In 1991, the US government accepted that Agent Orange was carcinogen­ic and that all US veterans should be treated as if they had been exposed to, and damaged by, the defoliant. Yule argues that the standard of proof demanded of Australian Vietnam veterans has been too high. Put in the context of Yule’s characteri­sation of the Vietnam War, this is neither eccentric nor unjust.

If the Australian government sent men to die in Vietnam on the basis of “unproven assumption­s and half-truths”; wrongly identified a dictatorsh­ip as a democracy and a civil war as an internatio­nal conflict; and was naively seduced by the dubious enthusiasm­s of the US government (and there are strong arguments for at least two of these three propositio­ns) then why should the veterans have to make a watertight case for the cause of their suffering?

Yule does not so much find Agent Orange “guilty” as pronounce the activist veterans “not guilty”. He re-characteri­ses the deluded, intransige­nt, mendacious blowhards he finds in Smith’s narrative as reasonable men with a heartfelt case, genuine grievances and sincere conviction­s.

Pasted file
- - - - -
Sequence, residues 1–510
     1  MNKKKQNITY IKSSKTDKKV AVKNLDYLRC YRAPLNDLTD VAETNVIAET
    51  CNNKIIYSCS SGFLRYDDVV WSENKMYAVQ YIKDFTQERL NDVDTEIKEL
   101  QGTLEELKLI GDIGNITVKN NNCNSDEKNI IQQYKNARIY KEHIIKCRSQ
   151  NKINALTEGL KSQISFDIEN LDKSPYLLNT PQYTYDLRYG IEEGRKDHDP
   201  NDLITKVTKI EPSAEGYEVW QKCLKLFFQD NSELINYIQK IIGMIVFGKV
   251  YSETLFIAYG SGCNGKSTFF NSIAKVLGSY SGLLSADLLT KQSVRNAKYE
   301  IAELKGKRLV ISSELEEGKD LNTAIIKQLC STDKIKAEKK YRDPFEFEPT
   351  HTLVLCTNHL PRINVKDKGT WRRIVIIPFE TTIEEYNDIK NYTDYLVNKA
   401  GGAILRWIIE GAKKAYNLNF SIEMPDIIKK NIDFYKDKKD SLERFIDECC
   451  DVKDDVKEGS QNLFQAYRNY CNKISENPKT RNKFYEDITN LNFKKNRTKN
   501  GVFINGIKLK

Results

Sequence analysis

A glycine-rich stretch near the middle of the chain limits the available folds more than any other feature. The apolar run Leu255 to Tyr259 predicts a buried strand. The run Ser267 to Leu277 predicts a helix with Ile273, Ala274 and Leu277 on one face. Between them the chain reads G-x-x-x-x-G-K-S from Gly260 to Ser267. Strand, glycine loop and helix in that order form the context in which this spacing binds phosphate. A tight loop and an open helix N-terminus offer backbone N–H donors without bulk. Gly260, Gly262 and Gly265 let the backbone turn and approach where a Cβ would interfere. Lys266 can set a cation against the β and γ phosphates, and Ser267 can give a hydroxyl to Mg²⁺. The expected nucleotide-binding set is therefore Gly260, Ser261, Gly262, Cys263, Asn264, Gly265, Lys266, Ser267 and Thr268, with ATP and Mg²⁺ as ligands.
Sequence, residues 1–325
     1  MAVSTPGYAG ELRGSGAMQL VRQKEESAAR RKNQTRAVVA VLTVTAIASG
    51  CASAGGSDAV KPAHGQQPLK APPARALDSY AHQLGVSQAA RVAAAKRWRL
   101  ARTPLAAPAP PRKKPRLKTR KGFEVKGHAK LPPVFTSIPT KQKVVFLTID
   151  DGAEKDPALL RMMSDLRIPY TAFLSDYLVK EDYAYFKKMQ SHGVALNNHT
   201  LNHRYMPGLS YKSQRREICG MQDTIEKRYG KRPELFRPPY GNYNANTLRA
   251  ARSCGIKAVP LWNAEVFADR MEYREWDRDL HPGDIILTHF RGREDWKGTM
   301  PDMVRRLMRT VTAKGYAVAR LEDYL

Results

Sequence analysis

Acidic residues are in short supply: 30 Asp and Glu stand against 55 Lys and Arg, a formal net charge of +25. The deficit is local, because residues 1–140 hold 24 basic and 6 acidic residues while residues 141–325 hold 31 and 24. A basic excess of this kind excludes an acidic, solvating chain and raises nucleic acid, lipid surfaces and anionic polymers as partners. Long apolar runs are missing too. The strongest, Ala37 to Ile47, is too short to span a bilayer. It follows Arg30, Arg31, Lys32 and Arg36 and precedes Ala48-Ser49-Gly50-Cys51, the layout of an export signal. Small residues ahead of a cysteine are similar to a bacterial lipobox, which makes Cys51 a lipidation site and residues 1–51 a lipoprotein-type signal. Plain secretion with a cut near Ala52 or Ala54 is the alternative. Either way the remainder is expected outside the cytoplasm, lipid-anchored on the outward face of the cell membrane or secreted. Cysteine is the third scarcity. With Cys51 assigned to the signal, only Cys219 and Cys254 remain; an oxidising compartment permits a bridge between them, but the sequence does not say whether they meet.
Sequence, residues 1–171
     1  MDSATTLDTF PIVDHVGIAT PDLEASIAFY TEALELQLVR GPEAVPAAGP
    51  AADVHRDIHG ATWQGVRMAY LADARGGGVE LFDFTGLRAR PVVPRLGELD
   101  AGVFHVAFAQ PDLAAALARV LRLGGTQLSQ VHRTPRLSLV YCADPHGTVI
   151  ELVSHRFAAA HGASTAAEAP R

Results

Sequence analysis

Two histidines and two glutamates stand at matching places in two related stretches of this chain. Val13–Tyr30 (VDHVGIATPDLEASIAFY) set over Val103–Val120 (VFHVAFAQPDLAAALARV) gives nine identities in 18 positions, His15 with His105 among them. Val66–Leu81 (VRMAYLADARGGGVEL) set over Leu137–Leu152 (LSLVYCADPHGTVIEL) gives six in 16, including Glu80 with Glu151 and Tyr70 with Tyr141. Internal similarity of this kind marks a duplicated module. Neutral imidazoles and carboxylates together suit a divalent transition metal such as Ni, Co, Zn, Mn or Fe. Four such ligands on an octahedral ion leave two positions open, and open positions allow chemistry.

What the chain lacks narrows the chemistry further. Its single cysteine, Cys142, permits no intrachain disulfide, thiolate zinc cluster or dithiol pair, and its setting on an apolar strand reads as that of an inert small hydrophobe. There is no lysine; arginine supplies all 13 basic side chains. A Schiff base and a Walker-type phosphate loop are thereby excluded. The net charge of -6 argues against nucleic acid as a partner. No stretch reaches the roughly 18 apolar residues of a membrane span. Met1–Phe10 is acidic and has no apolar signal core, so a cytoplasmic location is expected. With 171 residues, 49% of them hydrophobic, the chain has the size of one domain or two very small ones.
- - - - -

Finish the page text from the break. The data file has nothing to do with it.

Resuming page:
I am sure that this is true. But it still does not mean that they were correct.

Mark Dapin’s books include Australia’s Vietnam: Myth vs History, and The Nashos’ War: Australia’s National Servicemen and Vietnam.


Louise Milligan’s previous book, Cardinal, was an expose of George Pell. It won the 2017 Walkley Book Award but also brought Milligan the ire of Pell’s vocal public defenders.

The ABC journalist’s new book, Witness, is not about Pell, at least not primarily. But it was inspired by Milligan’s experience as a Crown witness at Pell’s committal hearing in March 2018, on five counts of historic sexual assault against two Melbourne choirboys.

Pell’s counsel, Robert Richter QC, sought to destroy her credibilit­y during cross-examinatio­n.

Her standing as a journalist and author – for good and ill – seems to hinge in some minds on the outcome of recent legal processes involving Pell. His conviction­s were overturned in the High Court following a legal battle.

Milligan was a witness at Pell’s committal because she had interviewe­d several complainan­ts against him. She describes Richter’s tactics towards her as “disgusting” and “wearying” and his tone as “sneering, sarcastic, bullying”. But, unintentio­nally, Richter galvanised her.

“Through all of this,” she writes, “I just kept imagining all the vulnerable, traumatise­d victims of all sexual crimes, who had no law degree … who were not legally advised by a top QC as I had been, who did not have a team of lawyers at the ABC to fall back on …